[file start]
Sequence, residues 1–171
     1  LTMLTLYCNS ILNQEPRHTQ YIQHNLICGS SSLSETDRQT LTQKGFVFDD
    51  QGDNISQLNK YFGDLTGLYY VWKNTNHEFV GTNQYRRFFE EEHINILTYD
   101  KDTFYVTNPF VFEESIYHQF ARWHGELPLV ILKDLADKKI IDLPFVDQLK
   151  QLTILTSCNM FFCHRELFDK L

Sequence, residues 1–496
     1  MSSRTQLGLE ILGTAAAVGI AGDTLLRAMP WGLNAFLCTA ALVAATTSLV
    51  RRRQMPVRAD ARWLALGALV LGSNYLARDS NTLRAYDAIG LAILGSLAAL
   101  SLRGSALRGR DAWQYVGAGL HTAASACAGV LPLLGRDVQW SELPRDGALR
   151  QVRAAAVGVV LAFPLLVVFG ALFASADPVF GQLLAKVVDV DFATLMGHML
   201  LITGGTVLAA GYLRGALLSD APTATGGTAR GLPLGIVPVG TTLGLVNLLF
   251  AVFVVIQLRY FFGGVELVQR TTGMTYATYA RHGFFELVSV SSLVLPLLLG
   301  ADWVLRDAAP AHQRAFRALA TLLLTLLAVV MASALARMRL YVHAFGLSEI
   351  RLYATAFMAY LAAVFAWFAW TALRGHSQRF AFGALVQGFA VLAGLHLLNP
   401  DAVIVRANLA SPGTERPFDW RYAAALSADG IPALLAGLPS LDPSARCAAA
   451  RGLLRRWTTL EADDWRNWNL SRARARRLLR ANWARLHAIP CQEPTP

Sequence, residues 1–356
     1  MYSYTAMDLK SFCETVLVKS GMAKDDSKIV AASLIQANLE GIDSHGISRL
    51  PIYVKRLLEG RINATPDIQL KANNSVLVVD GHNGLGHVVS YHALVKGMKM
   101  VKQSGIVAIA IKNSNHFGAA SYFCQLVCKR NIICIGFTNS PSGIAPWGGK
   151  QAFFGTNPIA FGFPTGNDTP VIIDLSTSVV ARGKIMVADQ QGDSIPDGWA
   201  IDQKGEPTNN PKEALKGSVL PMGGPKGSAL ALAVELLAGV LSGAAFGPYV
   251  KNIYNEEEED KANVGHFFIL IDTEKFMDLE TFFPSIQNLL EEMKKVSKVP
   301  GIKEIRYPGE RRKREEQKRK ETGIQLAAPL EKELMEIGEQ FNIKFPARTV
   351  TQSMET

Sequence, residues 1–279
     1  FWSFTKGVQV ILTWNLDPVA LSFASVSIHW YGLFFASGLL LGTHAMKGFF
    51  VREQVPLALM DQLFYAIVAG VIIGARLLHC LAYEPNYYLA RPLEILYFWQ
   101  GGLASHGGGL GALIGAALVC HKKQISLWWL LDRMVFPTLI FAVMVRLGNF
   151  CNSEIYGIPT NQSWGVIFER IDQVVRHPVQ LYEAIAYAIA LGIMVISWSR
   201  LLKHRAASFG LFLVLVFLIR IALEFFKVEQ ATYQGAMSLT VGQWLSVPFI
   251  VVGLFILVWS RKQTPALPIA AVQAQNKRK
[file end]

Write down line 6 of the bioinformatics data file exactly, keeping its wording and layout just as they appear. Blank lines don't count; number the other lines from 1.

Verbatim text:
Sequence, residues 1–496